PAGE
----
audience. For example, the first modern airliner, the
covert vs. overt; personal vs.
Douglas DC-3, was the most influential icon of the 1930s.
work
The airplane’s aerodynamic form influenced the design of
other products such as cars, locomotives – and even radios Organizational codes public vs. private sector; single
and refrigerators – as they sported smooth, curving and vs. multi user; emergency vs.
“streamlined” surfaces [8]. regular; mission critical vs.
To reiterate our earlier point of sensory aesthetics, we argue non critical.
that a consumer will be able to thin slice the aesthetic Interactions slow vs. fast; economical vs.
information of a product through these six filters, and deliberative; utilitarian vs.
instantly conclude – based on the valence, the aesthetic pleasure deriving
emotion it engenders – whether it is boring, exciting,
beautiful or ugly. We view these six, lens-like filters as a Semiotics design and aesthetics of pre-
concatenated set, with some overlaps, that affectively color existing artifacts, symbology,
the perception of a product’s aesthetics as it is resolved jargon, clothing, cuisine, etc.
(brought into focus) in the mind of the perceiver (Figure 2).
Table 1. Elements of ecology
It is possible that a product and the setting or context in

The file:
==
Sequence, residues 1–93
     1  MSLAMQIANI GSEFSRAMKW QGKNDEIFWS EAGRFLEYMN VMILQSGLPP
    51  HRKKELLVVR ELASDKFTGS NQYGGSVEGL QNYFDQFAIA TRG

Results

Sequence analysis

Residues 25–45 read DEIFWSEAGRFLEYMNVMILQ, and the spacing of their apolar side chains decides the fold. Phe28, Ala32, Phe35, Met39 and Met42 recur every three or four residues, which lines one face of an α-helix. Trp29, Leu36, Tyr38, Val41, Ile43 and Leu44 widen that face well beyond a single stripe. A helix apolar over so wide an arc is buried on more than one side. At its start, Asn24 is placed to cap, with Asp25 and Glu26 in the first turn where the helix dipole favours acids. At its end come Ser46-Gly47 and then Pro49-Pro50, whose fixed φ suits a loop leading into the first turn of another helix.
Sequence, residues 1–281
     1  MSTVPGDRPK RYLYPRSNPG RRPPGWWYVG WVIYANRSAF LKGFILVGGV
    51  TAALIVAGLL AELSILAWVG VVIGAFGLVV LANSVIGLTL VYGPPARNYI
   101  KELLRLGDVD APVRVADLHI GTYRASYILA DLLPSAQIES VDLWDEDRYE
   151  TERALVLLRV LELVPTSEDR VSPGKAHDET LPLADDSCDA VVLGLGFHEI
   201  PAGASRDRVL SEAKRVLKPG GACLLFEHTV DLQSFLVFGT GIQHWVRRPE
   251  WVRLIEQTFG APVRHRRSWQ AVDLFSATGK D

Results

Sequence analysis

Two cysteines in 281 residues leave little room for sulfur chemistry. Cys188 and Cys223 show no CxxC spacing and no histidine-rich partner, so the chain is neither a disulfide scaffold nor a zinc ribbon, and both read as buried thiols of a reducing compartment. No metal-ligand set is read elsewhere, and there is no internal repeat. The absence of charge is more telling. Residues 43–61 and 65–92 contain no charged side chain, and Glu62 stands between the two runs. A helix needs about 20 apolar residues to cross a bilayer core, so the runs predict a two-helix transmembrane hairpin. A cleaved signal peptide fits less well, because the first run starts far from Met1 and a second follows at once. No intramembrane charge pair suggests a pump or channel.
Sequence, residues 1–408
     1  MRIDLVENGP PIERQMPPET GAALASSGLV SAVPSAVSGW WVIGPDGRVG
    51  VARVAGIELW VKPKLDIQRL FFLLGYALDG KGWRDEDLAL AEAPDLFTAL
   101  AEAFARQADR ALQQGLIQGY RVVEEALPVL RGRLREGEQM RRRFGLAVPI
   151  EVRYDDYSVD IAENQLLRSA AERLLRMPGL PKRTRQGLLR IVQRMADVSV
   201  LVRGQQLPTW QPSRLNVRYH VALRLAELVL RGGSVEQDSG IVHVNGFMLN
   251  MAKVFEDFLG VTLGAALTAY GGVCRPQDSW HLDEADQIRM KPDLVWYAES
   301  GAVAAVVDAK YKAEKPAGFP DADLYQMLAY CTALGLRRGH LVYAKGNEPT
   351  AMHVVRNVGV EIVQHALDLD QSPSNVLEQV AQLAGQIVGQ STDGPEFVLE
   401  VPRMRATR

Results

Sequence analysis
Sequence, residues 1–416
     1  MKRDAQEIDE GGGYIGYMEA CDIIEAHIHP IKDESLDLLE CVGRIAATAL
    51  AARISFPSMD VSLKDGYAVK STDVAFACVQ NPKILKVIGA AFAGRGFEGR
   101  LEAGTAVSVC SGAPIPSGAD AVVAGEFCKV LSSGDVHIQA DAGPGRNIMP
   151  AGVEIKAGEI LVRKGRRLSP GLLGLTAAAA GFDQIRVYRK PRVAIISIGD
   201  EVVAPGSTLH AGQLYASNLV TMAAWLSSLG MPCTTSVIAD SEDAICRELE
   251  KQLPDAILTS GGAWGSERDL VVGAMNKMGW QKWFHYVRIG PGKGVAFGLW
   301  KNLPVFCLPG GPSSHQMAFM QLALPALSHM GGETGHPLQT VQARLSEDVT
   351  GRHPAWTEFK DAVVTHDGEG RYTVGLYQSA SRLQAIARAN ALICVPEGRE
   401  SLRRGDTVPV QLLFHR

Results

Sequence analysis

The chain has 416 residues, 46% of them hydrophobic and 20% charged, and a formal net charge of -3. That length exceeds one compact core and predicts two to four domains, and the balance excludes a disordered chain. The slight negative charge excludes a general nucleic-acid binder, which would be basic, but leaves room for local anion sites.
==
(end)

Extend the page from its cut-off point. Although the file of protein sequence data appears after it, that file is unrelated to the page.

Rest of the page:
which its sensory aesthetic is perceived may alter the order, Next we discuss the implications of ecology in the context
size and influence of these filters. For instance, in the case of law enforcement for a high altitude railway system
of a modern artifact such as a cellphone, affordance may (railway link connecting Golmud, China to Lhasa, Tibet).
move-up the hierarchy of filters – as there is an intrinsic In Table 2, we have picked two ecological elements and
psychological need to immediately perceive on how to use expanded on them for this particular case. And Figure 3
it and actually use\interact with it. Whereas, say, in the case provides a visual glimpse of the geographical\physical
of apparel culture and epoch will probably trump other ecological element.
filters in order and importance when a subject perceives the
sensory aesthetic.
Elements of Ecology Features Aesthetic
(examples) Implications
Geographical\Physical Snowcapped Physically
mountains, demanding,
high altitude cognitive
(16,000 ft.), impoverishment
low oxygen (low oxygen),
(30% - 40% physiologically
of sea level), taxing,
Figure 2. Perceiving the sensory aesthetic through six cold, dangerous, high
filters permafrost risk, scenic and
breathtakingly

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beautiful imprimatur that conveys officialdom, government and